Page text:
2. Technology: Students will be able to understand how to use the Smart Board to construct sets and Venn Diagrams. Once this information is obtained, students will be able to use this information to make sets showing unions and intersections between multiple sets and then place the newly formed information into a Venn diagram. Introduce the Learning Activity: Teacher will load up Sets and Venn diagram Lesson on the Smart Board. Once this file h as been properly, loaded on the Smart Board, the teacher will begin to introduce what todays lesson will be on. It will be important to make the real world connection that can be associated with the creation of sets and Venn diagrams. Also, it should be stressed how this new found knowledge (hopefully not for all) and understanding, can be used to help with other areas of content. Sets and Venn diagrams can be used to create various sets that can hold many combinations of elements, ideas, concepts, etc. Through the process of a Venn diagram, those sets can help aid in visualization of ideas. Provide Information: The beginning of the lesson will begin with sets. The teacher will describe the purpose of sets and their benefits. There will then be an introduction to unions and intersections; where elements with the combinations located in sets overlap over various sets. Unions or or are all the elements of selected sets combined and placed into a unique set; containing all the elements. Intersections or and are sets that contain special elements, elements that are contained by all sets being observed. A Venn diagram will be used to use visualization of sets. These concepts are important to help in the process of organizing data, elements, and ideas; will be stressed during the lesson. Provide Practice: After the lesson has been introduced, the teacher will provide an example. The teacher will move their name (located on the smart Board slide) into the sets that are the themes/genres preferred by the teacher. Students will follow the example by moving their names into the sets that describe their preference. Sets will then be examined during the next slide. The following slide introduces the concepts of unions and intersections. Students will complete the slide by filling in the example sets and set questions on the slide. After this slide has been completed, the next slide will begin the process of completing a Venn diagram. The Venn diagram will be filled in through the same process, of sliding ones name into the section of the Venn diagram circle which illustrated their preference. The Venn diagram will then be reviewed by the teacher and observed by the students. Discussion will begin about,

what movie preference seems to be the most popular, which seems to be the least? This will display how this strategy of organization can assist with difficult decisions while at the same time providing statistical proof to back up your reasoning. The next slide will dig even further. Students will be asked to try to find a movie to watch, one that will be accepted by all. A slide with names of movies will be provided. Students will take turns going in front of the board, moving movie titles they are familiar with, into sections of a Venn Diagram that have been labeled: sexual content, tear -jerker, rated R, and vulgarity. After this has been completed, students will be asked how could we now found which movie would be best for the group as a whole? This would lead the group to need to create sets which would identify which categories of movies (using labels provided) would be accepted by everyone. This could be given as homework or allow the students to use the visual interpretation provided to think abstractly. Which movie titles allow for variety, which ones only target certain people? If time allows, there is an online interactive activity that can be played by the students. This activity asks the participant to place figures (shapes) into the correct parts of a Venn diagram, and keeping score at the same. Depending on time, homework will either be to create sets for which movie should be played for everyone. This will have to be completed by surveying all classmates on their preference from: rated R, sexual content, vulgarity, and tear-jerker. A second assignment could be to have each student select 4 restaurants that they really enjoy. After, ask the students to create a bunch of entree selections that they tend to always order or just love. Now, they will create sets for which restaurants serve their favorite entrees. After, they will need to create a Venn diagram.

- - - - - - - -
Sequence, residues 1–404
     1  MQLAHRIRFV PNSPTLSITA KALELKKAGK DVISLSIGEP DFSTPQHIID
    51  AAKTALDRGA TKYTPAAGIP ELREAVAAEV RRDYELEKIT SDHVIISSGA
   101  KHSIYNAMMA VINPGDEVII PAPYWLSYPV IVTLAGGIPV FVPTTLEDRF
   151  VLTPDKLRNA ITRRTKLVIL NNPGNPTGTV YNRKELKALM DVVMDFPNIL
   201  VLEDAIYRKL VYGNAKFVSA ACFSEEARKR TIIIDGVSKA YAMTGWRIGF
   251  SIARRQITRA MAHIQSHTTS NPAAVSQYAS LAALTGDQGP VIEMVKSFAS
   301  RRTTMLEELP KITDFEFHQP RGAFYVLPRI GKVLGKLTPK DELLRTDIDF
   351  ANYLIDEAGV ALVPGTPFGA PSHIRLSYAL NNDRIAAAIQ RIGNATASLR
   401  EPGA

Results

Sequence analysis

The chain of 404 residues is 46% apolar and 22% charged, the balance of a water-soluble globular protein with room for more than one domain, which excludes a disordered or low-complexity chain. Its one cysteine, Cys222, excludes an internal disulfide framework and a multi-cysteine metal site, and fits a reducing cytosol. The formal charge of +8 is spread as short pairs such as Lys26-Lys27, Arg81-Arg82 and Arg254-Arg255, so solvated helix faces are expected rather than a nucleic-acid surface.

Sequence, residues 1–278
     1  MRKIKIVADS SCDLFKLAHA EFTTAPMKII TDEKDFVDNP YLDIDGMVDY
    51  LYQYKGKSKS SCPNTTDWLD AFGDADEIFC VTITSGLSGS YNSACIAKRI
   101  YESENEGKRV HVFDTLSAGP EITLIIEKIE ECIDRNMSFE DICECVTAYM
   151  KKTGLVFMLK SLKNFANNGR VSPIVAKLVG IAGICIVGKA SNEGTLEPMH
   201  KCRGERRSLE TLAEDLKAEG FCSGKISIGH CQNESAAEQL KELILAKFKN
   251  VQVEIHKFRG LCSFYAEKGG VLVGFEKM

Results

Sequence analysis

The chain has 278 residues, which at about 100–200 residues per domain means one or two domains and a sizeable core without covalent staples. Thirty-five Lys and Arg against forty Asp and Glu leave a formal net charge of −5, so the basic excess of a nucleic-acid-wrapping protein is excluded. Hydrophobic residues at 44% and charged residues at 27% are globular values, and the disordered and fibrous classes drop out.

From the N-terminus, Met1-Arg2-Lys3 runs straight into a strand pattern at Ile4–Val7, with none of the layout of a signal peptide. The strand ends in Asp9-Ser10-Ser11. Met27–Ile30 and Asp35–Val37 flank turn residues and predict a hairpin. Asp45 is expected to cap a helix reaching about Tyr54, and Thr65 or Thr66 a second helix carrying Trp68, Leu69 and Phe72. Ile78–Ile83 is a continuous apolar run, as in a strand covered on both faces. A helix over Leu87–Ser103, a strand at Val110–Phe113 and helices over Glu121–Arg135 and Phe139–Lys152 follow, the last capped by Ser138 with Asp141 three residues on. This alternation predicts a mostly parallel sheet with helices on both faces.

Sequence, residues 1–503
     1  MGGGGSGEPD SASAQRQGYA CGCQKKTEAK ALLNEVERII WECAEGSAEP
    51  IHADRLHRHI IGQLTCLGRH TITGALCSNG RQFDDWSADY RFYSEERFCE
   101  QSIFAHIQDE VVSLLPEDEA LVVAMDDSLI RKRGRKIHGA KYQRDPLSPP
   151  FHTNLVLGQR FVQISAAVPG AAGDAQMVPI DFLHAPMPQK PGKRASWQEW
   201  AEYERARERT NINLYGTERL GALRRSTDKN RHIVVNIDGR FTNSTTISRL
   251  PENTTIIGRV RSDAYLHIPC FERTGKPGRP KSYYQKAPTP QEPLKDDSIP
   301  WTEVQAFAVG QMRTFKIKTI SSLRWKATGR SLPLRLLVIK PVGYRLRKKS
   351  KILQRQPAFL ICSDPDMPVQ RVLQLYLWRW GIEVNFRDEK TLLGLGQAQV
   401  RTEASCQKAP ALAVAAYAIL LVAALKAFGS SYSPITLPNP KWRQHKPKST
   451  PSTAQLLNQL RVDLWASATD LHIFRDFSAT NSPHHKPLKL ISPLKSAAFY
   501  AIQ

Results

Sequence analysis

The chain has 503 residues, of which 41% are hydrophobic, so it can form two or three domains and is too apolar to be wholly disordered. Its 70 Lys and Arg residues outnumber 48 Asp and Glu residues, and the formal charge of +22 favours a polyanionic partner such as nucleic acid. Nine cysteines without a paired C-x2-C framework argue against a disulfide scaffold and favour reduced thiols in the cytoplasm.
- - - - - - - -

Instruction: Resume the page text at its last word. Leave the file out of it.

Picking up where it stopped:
Provide Knowledge of Results: Students progression of understanding and knowledge will be witnessed throughout the lesson. However, further assessment will be provided through the homework assigned at the end of class. Each student will be held accountable for creating sets and a Venn diagram. The next class period, they will be asked to present their Venn diagram to the class. This will be counted as a presentation grade; out of 25 points. Review the Activity: Review for the lesson will be included during the closure. As directions are being communicated, each part of the instructions will be explained. This includes the review of key concepts such as: unions, intersections, sets, and Venn diagrams. This will also allow the teacher to introduce the next lesson, which will involve the creation of data tables and graphs. At continue of the use of graphic organizers to help organize data, ideas, and results. Method of Assessment: 1. Content Area: A. Homework Assignment- Students will create their own sets and Venn Diagrams using their own Favorite Restaurants and Favorite Dishes/Appetizers. B. Homework Assignment- Students will create their own sets and Venn Diagrams using their own Favorite Restaurants and Favorite Dishes/Appetizers. 1. Technology: A. Classroom Activity- Students will place their names into sets of the types of movies they enjoy watching. After, students will then place the information from the sets into a Venn diagram. B. Online Interactive Activity- Students will participate in an online interactive game that challenges them to create Venn diagrams according to information provided on shapes.